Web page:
Collecting the material is not the only challenging element of the process. Turning the often decayed plastic into fiber is just as complex. In a nutshell: once a sizable quantity of ocean plastic is collected, it is sent to sorting centers where plastic is separated from non-plastic. Then each bit of plastic must be sorted into different polymer types before it is shredded into flakes. The flakes are then washed in order to remove residual waste, such as labels, glues and sand. They are then combined with post-consumer plastic from land sources and turned into resin pellets which can be melted to create new products. The resin pellets are sent to yarn manufacturers who melt the polymers into thread and spin the yarn. Not such a straightforward process.
The cost difference between ocean plastic resin pellets compared to virgin plastic is between 15-20% more, a smaller markup than for the final product of fabrics. Oceanworks has captured the opportunity to create trims out of ocean plastic resin, partnering with YKK, the world’s largest zipper manufacturer, to create a whole supply chain producing ocean plastic zippers. On a smaller scale, Ocean Works has worked with Outerknown on ocean plastic buttons for its jeans. But the yield is minuscule. “A million buttons may only require ten tons of ocean plastic material,” explained Ianelli. “Whereas with fabric, you can probably remove one thousand tons of material to make one million yards.”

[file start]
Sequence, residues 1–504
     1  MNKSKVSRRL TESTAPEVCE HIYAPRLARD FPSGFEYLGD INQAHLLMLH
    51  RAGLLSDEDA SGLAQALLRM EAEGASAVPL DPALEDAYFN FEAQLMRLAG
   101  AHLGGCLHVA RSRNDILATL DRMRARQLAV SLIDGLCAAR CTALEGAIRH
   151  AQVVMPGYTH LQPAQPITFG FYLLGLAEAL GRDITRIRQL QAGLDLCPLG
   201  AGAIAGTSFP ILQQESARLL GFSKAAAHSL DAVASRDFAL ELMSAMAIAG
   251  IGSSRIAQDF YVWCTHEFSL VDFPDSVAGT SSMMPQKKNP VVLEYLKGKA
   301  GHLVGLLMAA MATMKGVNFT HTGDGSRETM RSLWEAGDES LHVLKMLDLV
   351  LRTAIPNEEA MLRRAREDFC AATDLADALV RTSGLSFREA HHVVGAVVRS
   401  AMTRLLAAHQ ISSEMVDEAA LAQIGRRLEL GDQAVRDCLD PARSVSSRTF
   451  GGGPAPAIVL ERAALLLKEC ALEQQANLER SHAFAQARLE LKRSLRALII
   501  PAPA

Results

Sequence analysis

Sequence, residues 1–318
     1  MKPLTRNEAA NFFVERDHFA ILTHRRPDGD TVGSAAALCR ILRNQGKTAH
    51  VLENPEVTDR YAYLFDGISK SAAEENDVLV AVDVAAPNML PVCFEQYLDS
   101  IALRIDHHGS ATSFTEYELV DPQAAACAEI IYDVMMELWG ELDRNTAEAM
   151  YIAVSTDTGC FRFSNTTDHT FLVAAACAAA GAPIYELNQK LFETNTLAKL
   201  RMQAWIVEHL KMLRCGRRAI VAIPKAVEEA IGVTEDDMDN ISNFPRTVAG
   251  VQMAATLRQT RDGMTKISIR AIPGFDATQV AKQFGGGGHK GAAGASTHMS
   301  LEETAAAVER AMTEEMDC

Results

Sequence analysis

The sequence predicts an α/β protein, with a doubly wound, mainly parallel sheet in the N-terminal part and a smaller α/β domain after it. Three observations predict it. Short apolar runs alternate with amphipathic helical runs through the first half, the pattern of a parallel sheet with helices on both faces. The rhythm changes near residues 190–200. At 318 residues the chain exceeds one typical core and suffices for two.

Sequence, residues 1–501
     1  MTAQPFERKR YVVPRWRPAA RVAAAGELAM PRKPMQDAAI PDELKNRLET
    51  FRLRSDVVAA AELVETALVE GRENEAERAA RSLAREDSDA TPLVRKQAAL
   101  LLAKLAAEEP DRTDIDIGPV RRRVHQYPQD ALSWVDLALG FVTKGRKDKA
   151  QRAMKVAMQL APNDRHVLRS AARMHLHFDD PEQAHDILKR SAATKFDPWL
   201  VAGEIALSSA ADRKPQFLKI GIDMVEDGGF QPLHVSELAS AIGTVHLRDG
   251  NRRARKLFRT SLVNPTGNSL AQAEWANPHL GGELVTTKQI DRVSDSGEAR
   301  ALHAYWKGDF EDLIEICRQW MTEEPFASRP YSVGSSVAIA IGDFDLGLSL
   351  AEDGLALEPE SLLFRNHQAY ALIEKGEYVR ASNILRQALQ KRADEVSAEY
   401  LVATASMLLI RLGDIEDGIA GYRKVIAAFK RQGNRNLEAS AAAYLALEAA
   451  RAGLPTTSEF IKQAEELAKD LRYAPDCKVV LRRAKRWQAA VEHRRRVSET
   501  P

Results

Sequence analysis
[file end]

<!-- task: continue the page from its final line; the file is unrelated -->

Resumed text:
Pairing the two together is their vision, but it still comes with costly infrastructure challenges for brands. Switching over to ocean plastic is not like flicking a switch. It’s an expensive undertaking which involves all departments of a company. “It isn’t as turnkey as buying virgin or even recycled plastic,” says van Gendt. “Using marine plastic requires a new supply chain to collect and process material that is dispersed over large areas of coastlines.” Fashion brands who want to keep their costs low and profit margins high simply won’t see the need to make the switch until consumers demand it.
Luckily, this is where things are starting to change. In the last two years, there has been a 660% increase in the search term “sustainable fashion”. This has even pushed fast-fashion behemoths such as H&M to look into revamping their supply chains and include more sustainable materials, among them recycled plastic. “Brands that two years ago thought this was crazy are ready now,” says Ianelli. “It’s like the penguin and iceberg effect. There has to be a number of penguins that jump into the water first for the other to say ‘Alright, we’re good to go!’”